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Strategic Marketing: The Importance of Innovation and Relevance Annual Agricultural Outlook Kennedy Hall December 10, 2002 Brian M. Henehan, Senior Extension.

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Presentation on theme: "Strategic Marketing: The Importance of Innovation and Relevance Annual Agricultural Outlook Kennedy Hall December 10, 2002 Brian M. Henehan, Senior Extension."— Presentation transcript:

1 Strategic Marketing: The Importance of Innovation and Relevance Annual Agricultural Outlook Kennedy Hall December 10, 2002 Brian M. Henehan, Senior Extension Associate Department of Applied Economics and Management Cornell University

2 Todays Objectives zBrief Review of Research Focusing on Consumer Attitudes Toward Processed Apple Products zSummarize Key Results zDiscuss Implications for Keeping Products Relevant to Todays Consumers zReview Need for Ongoing Innovation

3 Project Backgroound zProject Involved a Multi-Disciplinary Team at Cornell Ithaca Campus and at Geneva over three years: 1999-01 zAEM Was Responsible for Marketing Research Component zAcknowledge Contribution of Colleagues: yKristin Rowles yGerry White

4 Marching Orders from Advisory Council zNeed to be Forward Looking zDont Duplicate Whats Already Been Done zProduct Concepts Have to Be Relevant to Todays Consumers zMaintain a Focus on Strategic Issues

5 Marketing Research Overview Market Analysis Marketing Research Plan Primary Research Reporting Industry Overview Outreach on Marketing New products workshop, hard cider & apple wine, apple juice and cider Advisory Council, literature survey, processor survey, universe of products, foreign markets Natl consumer survey, consumer & foodservice focus groups, school foodservice survey Industry meetings, articles, final report, website Identify objectives and methods, input from advisory council, select moderators Smart Marketing columns, assistance to commercial partners, training for food entrepreneurs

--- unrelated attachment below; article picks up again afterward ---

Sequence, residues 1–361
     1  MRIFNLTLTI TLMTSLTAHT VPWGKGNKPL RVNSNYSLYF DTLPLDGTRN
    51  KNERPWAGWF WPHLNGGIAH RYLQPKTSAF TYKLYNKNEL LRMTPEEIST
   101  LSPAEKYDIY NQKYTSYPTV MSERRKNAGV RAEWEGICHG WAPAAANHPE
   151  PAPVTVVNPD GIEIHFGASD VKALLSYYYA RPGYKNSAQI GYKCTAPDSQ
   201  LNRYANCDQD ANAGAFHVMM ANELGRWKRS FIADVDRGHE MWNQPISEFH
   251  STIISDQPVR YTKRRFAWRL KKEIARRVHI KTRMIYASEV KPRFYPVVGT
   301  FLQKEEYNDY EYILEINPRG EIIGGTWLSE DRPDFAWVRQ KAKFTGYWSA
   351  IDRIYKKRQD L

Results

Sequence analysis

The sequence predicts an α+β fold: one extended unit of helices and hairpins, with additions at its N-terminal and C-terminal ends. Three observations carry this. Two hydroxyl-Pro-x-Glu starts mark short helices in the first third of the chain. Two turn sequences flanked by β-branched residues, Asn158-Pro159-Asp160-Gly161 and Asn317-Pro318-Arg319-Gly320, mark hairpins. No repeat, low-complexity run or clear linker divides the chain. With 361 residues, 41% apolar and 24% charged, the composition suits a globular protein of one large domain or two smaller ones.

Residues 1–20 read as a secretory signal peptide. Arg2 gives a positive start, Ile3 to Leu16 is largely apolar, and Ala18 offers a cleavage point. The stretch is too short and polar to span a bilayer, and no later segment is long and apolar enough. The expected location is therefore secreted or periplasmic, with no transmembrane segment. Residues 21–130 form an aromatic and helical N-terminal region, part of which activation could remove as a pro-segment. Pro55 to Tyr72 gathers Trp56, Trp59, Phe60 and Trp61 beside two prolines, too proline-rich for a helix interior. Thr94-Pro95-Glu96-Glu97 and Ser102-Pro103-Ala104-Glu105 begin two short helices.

6 Methods zExtensive Review of Current Research zProcessor survey zFoodservice focus groups and interviews zSchool foodservice survey zNew product development workshop zNational consumer survey zConsumer focus groups

7 Successful Marketing The aim of marketing is to know and understand the customer so well that the product or service fits them and sells itself. Ideally, marketing should result in a customer who is ready to buy. All that should be needed then is to make the product or service available… - Peter Drucker

8 Consumer Survey Methods zTelephone survey zSample of 1,011 women yage 18 and older yprivate households ycontinental U.S. zConducted September 21-25, 2000

9 Consumer Survey zA limited number of broadly appealing apple products indicates a need for new product development. zPurchase of apple products is greatest in households with children. zAfrican American and Hispanic American households have a high incidence of apple juice purchases zThese households are likely to be the best target for new apple products.

10 Consumer Survey zFamilies with children and African American and Hispanic American households showed an interest in the following new product concepts: xSnack packs with pre-sliced apples(caramel dip, cheese, crackers) xApple juice & spring water beverage for toddlers xPre-sliced apples for eating & cooking xApple juice spritzer (non-alcohol)

11 POP Quiz zHow Many of You Have Purchased Fresh Apples or Apple Products Over the Past 30 Days? zHow Many Have Purchased Fresh Cut Fruits or Vegetables (baby carrots, salad)? zHow Many Eat Fresh Apples Cut Into Slices? Whole, Uncut?